One does new and strange things when the federal government shuts down. For example, I read The Florida Bar Journal’s book reviews. The recent review of The Florida Litigation Guide, in particular, caught my attention. The reviewer extolled the guide as an invaluable legal resource for all Florida practitioners — from first-year associates to seasoned veterans, and for litigators and transactional attorneys alike. Perhaps the guide is indispensable, and I was inclined to purchase it, until it became clear that the book reviewer had, conveniently it seems, failed to disclose his close business relationship with the author of the professional guide being reviewed. The reviewer (Jonathan S. Burns) and the author (Marc A. Wites) are two of the three partners of Wites & Kapetan, the law firm that markets the guide. The close business relationship is not detectable in the review or bylines, since the reviewer is not (yet) a named partner of the firm. And, the conflict of interest would not be apparent to an office manager or paralegal who has been instructed, without more, to “go buy copies of this guide for all first-year associates.” I suggest changes to The Florida Bar Journal’s book review guidelines to require — at least for professional texts and other practice aids — disclosure of the financial interests and conflicts of interest that could substantially impair the perceived objectivity of the review.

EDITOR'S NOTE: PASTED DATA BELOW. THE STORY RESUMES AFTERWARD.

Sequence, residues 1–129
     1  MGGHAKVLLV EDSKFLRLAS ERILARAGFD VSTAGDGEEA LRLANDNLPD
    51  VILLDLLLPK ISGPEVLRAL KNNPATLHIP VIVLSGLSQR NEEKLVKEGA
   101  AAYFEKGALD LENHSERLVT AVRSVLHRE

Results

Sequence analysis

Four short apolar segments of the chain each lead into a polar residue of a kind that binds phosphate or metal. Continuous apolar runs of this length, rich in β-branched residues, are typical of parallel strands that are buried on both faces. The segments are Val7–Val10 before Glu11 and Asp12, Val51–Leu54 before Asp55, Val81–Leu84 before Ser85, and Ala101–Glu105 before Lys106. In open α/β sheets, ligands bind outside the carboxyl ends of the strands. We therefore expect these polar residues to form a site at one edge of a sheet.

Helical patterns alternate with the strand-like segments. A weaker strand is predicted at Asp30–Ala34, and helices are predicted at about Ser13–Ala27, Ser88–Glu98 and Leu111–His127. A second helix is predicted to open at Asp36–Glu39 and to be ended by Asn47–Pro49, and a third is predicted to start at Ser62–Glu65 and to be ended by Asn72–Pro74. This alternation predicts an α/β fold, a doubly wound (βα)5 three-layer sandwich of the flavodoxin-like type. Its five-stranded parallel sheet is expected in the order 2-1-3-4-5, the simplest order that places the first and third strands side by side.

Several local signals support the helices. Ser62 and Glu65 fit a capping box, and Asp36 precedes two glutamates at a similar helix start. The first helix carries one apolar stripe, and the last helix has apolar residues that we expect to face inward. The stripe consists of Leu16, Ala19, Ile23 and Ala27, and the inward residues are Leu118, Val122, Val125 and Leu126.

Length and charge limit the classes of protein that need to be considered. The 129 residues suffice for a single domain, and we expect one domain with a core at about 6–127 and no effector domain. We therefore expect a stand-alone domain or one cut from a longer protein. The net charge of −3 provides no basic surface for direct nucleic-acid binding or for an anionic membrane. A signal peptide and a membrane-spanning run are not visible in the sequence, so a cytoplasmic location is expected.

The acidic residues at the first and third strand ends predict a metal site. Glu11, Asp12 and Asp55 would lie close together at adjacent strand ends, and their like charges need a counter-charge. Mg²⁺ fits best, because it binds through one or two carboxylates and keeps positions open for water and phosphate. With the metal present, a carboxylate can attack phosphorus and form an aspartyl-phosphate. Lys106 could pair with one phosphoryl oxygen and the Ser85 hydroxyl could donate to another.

Benjamin J. Robinson, Washington, D.C.